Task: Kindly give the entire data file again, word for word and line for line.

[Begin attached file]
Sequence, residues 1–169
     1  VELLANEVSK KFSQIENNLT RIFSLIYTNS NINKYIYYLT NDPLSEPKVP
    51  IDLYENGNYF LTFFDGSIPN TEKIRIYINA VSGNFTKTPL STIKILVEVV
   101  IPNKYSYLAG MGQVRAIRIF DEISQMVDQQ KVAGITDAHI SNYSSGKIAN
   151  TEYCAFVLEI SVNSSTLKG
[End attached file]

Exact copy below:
Sequence, residues 1–169
     1  VELLANEVSK KFSQIENNLT RIFSLIYTNS NINKYIYYLT NDPLSEPKVP
    51  IDLYENGNYF LTFFDGSIPN TEKIRIYINA VSGNFTKTPL STIKILVEVV
   101  IPNKYSYLAG MGQVRAIRIF DEISQMVDQQ KVAGITDAHI SNYSSGKIAN
   151  TEYCAFVLEI SVNSSTLKG